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According to the GCC release history, 5.1.0 was released April 22, 2015, nearly seven(!) years ago. There have been subsequent maintenance releases up to GCC 5.5 (Oct. 10, 2017), and no apparent active maintenance since then.
The GCC flags required for reproducible builds are only available as of GCC 8 or higher, so having such an antiquated compiler on the Windows builders means that we cannot test cgo-enabled builds for reproducibility on the builders.
The builder image needs a few other updates for adequate test coverage as well (see #46693), so we should probably refresh gcc at the same time. (CC @golang/release)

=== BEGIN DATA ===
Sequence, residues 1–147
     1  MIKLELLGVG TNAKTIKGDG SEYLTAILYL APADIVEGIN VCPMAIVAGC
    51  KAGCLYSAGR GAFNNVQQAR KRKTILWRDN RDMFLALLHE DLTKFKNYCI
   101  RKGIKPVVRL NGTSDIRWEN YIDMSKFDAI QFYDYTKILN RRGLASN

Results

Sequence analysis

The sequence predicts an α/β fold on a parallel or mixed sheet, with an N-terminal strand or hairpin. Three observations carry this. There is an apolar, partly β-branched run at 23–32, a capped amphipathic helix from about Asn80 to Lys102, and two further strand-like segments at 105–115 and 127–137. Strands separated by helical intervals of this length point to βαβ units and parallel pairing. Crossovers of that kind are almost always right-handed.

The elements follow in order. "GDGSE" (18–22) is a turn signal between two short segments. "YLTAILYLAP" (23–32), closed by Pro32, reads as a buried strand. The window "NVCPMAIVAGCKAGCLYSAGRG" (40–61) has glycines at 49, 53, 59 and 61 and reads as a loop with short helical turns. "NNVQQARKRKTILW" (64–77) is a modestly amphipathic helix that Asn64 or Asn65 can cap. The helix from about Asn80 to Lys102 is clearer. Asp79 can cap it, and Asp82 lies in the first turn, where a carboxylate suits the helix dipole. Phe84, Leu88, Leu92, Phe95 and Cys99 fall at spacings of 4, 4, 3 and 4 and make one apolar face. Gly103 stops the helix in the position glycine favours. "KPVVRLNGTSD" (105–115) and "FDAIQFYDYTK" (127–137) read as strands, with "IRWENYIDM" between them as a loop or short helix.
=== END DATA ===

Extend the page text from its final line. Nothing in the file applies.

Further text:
Going forward, I would like to see us have a consistent plan for keeping builder images up to date. While it may be important to test against very old compilers, in general we expect users to work around platform bugs by upgrading their platform to fix those bugs — so it is even more important that we test against up-to-date platforms, especially on the -longtest builders.
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